Moody’s pares India growth hopes to 7%


Rupee, oil prices key factors behind downward revision for 2022-23; Growth to slip below 5% next year

Rupee, oil prices key factors behind downward revision for 2022-23; Growth to slip below 5% next year

Citing the weakening Rupee and high oil prices, global rating firm Moody’s Investors Service on Friday, November 11, 2022, scaled down India’s 2022-23 growth projection from to 7% from an earlier estimate of 7.7% and warned that the economy’s growth will decelerate further to just 4.8% in 2023-24.    

“The downward revision assumes higher inflation, high interest rates and slowing global growth will dampen economic momentum by more than we had previously expected,” the firm noted, with the weakening rupee and oil prices continuing to exert pressure on the inflation front.   

In its latest global macro outlook for 2023-24, Moody’s downgraded forecasts for a number of G-20 countries, including the U.S., China, Japan, India and a number of European countries. Real GDP of the G-20 economies is expected to decelerate from 2.5% in 2022 to 1.3% in 2023, significantly lower than Moody’s previous estimate of 2.1%.

India, Brazil to be ‘less vulnerable’

However, growth outcomes of the G-20 emerging market economies will vary depending on economic structures, with large domestically driven emerging market economies like India and Brazil expected to be ‘less vulnerable’ to weakening G-7 growth than export-oriented countries. 

Amid a flurry of negative global growth drivers, Moody’s said some country-specific characteristics provide a degree of strength, including the consumer resilience from still strong post-COVID recovery momentum in domestically driven economies, including the U.S., Brazil and India, as seen through robust expenditure on services.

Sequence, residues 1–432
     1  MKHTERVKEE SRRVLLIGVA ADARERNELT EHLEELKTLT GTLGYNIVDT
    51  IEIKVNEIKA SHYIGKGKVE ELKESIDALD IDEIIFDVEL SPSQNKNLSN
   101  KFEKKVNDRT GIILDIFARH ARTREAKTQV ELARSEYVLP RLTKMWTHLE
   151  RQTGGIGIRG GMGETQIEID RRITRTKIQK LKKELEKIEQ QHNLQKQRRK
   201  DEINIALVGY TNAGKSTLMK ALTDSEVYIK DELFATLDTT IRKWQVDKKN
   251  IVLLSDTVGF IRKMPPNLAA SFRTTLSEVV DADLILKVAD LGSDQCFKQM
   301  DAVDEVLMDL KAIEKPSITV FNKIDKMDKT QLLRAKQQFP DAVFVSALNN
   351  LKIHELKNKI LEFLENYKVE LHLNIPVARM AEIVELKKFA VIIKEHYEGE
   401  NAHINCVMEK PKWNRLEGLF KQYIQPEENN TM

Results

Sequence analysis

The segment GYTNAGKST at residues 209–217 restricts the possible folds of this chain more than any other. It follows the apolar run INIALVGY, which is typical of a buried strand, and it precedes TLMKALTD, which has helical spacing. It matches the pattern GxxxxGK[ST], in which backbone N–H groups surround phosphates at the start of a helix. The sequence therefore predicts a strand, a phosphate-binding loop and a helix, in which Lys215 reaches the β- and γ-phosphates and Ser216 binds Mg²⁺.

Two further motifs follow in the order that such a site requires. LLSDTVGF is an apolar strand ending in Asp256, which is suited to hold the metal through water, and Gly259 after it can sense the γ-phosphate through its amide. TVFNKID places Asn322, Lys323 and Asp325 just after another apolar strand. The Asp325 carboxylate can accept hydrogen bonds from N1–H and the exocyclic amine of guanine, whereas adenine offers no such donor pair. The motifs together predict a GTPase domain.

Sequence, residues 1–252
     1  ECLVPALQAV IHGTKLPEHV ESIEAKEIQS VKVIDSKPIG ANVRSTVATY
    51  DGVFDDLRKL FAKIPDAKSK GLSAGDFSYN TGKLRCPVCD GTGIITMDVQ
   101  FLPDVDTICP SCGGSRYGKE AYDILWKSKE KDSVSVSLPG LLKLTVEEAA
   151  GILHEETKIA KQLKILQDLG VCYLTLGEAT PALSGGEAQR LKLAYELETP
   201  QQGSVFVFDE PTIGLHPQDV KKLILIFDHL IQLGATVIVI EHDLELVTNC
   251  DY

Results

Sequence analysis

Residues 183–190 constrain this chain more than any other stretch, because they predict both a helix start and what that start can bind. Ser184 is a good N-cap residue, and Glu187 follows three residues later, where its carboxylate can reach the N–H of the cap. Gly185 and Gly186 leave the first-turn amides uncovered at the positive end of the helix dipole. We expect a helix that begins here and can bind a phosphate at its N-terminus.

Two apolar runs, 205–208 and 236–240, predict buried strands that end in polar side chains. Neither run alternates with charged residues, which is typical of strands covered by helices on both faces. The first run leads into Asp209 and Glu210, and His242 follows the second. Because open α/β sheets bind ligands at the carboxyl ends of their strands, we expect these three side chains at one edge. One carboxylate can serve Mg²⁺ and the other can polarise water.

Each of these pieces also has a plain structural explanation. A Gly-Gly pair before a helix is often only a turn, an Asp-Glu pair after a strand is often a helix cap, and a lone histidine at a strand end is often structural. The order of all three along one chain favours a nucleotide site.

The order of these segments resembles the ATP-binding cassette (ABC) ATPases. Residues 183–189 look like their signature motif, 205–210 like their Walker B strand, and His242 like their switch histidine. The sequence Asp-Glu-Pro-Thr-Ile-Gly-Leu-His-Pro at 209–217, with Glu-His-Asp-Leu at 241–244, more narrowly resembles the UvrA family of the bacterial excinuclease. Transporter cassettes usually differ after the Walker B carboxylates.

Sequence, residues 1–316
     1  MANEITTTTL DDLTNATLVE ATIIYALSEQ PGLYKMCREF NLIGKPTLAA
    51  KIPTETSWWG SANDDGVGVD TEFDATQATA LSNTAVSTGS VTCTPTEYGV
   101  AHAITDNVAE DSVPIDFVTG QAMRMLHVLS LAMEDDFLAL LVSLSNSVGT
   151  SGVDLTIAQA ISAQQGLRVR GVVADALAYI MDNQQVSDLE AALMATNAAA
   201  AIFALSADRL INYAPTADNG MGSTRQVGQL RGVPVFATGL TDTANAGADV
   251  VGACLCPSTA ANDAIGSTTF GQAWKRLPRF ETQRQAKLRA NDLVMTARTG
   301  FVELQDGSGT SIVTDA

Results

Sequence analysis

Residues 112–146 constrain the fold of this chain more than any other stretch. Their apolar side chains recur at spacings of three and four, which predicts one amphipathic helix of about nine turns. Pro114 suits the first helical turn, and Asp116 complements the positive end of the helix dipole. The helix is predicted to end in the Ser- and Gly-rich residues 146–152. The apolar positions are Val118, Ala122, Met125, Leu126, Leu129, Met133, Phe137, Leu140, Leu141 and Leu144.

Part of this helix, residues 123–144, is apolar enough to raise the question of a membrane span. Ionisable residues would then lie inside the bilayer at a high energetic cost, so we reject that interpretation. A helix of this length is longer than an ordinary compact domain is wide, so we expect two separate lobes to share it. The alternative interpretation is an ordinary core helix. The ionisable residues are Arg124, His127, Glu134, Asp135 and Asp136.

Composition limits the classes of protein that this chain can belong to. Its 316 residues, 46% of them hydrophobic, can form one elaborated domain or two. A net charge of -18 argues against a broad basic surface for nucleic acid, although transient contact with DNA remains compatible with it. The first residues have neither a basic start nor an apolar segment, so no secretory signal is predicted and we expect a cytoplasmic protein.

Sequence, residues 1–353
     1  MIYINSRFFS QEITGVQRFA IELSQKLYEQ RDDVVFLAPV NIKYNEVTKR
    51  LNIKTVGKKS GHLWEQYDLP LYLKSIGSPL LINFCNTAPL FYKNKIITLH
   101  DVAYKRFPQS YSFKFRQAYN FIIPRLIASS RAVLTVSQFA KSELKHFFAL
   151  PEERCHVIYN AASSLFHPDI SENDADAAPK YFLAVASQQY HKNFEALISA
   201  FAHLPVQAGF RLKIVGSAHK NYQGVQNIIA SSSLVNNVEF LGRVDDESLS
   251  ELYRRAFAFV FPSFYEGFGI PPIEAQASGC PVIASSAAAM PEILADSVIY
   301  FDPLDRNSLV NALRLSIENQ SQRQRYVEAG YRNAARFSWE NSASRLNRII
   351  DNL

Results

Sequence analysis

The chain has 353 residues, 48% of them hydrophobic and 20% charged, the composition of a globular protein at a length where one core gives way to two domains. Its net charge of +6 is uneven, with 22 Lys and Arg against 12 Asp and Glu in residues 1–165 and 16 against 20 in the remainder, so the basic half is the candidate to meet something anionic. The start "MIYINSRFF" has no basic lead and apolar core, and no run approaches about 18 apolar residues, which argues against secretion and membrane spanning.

India’s underlying growth dynamics are fundamentally strong, boosted by a rebound in services activity. Government capital expenditure and manufacturing capacity utilization have also improved, the firm said. 

“…These domestic strengths will continue to support the domestic growth narrative, global financial tightening and slowing external demand will pose downward pressure on growth in 2023,” the rating major noted. After slipping to 4.8% in 2023-24, India’s growth will rise to around 6.4% in the next year, it reckoned. 

Moody’s 2023-24 growth forecast is sharply lower than other agencies. For instance, S&P Global Ratings, which expects India to grow 7.3% this year, expects a 6.5% uptick in 2023-24. 

With retail inflation resurging to 7.5% in September after dipping below 7% in July and being outside the Reserve Bank of India’s target range this year, Moody’s said it expects the central bank to raise the repo rate by another 50 basis points or so, in its bid to anchor inflation expectations and support the Rupee’s exchange rate. One basis point equals 0.01%. 

“Eventually, the RBI will likely shift from inflation management to growth considerations, provided that the rate increases have the desired effect of taming inflationary pressures,” it estimated. 

Noting that India’s ‘deleveraged’ private sector is now well placed to increase capital expenditure, the rating agency also pointed out that India will benefit from shifts in global capital investment away from China, amid diversification of supply chains. 


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